Dating back to the early 1800s, the ceremony of Confirmation is a creation of the Reform Movement – with the earliest advocates suggesting it as a replacement for b’nai mitzvah. They reasoned that, in their day and age, 13 years old was no longer the age of “maturity,” but rather something around 16 years old. Also, they envisioned Confirmation as a spiritual and intellectual process, rather than a ritual concerned with the observance of specific “adult” mitzvot. Over the last 200 years, b’nai mitzvah have held their place within the Jewish community, and Confirmation has been more broadly adopted as a program of study culminating in a ceremony most often linked to the festival of Shavuot. At Temple Isaiah, our “Next Dor” program includes young adults in 8th-10th grade, and the final year of the program concludes with our Confirmands leading the worship service at our Shavuot evening service, reading Torah and teaching about the ways they have wrestled with Jewish belief and identity over the years of post-b’nai mitzvah education.
Mazal Tov! The shouts and cries of the community when a couple stands under a huppah (wedding canopy) are among the most joyous of sounds! There are so many traditions that accompany the Jewish wedding that it is hard to imagine a concise summary. The common images: a beautiful ketubah (wedding contract) signed in front of witnesses; standing beneath a huppah which can be as simple or as ornate as a couple desires; sharing from a common cup filled with sweetness; the exchange of rings and vows; the breaking of the glass. All of these traditions and more are features of the weddings we are so fortunate to arrange as a community.
Rabbi Kessler will be happy to talk with any couple about their upcoming wedding. Within the spirit and customs of Reform Judaism, this includes couples seeking a Jewish wedding where only one partner is Jewish. Under specific circumstances, Rabbi Kessler will officiate these ceremonies. As well, Rabbi Kessler is pleased to be living in a state which has recently given full recognition to same sex weddings – and to help craft the Jewish wedding ceremony which is right for same sex couples.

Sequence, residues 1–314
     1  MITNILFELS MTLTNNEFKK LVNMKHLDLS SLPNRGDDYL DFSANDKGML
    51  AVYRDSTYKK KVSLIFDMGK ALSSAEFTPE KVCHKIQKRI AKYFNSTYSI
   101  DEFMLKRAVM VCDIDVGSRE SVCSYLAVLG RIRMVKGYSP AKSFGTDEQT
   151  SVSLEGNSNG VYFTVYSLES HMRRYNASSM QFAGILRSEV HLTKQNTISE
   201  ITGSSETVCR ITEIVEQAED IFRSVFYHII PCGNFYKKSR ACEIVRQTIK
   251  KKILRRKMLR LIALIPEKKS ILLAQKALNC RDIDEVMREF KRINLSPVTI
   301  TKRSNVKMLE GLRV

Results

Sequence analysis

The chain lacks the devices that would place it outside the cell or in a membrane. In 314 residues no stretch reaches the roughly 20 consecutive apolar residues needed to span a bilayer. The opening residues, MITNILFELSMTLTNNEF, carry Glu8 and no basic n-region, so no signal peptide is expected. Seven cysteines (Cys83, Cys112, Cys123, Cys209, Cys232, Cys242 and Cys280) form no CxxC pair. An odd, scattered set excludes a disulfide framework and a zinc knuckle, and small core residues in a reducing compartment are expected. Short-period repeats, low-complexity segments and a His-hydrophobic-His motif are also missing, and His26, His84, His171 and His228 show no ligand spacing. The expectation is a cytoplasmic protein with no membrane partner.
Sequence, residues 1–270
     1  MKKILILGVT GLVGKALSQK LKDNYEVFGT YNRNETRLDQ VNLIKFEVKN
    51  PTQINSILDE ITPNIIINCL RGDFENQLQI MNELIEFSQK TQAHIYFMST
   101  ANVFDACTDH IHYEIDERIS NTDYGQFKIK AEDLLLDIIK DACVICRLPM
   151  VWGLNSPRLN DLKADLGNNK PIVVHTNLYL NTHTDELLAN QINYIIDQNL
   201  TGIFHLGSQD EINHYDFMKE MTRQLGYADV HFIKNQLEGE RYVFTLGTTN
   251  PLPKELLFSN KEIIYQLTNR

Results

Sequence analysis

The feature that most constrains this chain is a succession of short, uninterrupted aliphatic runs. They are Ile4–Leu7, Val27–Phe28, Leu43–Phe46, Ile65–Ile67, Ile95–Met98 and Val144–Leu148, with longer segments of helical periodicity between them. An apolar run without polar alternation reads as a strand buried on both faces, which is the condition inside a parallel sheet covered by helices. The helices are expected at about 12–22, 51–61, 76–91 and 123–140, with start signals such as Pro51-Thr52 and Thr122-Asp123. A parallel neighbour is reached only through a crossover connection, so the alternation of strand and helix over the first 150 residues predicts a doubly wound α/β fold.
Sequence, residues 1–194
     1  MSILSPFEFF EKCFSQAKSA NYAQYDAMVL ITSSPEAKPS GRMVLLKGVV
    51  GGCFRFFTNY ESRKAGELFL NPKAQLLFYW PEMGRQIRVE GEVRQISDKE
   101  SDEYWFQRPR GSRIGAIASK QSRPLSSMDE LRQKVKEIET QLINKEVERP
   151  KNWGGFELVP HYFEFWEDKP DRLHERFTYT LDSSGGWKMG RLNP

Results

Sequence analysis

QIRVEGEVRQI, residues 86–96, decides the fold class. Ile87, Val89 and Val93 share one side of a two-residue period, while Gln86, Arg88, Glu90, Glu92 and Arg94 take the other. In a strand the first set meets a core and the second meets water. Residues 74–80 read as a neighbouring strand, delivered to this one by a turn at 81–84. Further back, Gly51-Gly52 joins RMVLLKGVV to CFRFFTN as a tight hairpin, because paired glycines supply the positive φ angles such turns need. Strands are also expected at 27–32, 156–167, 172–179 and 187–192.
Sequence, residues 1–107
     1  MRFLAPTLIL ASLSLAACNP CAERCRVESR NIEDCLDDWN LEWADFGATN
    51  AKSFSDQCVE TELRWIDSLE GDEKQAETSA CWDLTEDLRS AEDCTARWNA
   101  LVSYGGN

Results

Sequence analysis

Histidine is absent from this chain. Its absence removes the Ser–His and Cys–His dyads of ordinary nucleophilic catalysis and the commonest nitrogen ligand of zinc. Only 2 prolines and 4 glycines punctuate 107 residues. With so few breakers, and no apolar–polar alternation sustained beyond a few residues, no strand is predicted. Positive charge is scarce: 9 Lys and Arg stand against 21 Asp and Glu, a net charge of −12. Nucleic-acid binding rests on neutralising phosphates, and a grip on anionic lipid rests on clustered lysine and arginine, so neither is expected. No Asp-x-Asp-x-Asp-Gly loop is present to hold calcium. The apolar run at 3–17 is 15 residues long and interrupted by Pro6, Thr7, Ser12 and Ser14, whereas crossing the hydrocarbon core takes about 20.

Much more information about Jewish wedding customs can be found here.
Baruch Dayan HaEmet – Blessed is the Righteous Judge
These are the words we are instructed to greet the news of the death of a loved one with. They are so strange, and yet they acknowledge that we live in a world of limits and boundaries, and that life itself has limits, imposed by a God who is righteous.
“In our tradition, mourners tear their clothing (kriah), either upon hearing about a death or at the time of burial. The tearing of cloth: what a powerful image. Cloth is made from numerous strands of flimsy threads that become strong when woven together. Such is human life – each one of us, alone, is like a thin thread, easily broken and able to support only a tiny portion of the weight of the world. Woven together, in family, friendship and community, our strength is multiplied and enhanced. Yet, when a person dies, a hole is torn in the weave and the fabric can unravel. Just one person, one thread….” (The Book of Jewish Sacred Practices, Jewish Lights Publishing, 2002, p. 158).
Being part of a community is so essential at a time of loss. We want to support and comfort you through this period. Please be in contact with Rabbi Kessler for help in scheduling a funeral, arranging for shiva services in the home, contacting a Jewish funeral home and for direction in coping with the death of a loved one.
For more information about all the Life Cycle moments detailed on this page, please explore https://reformjudaism.org/beliefs-practices/lifecycle-rituals.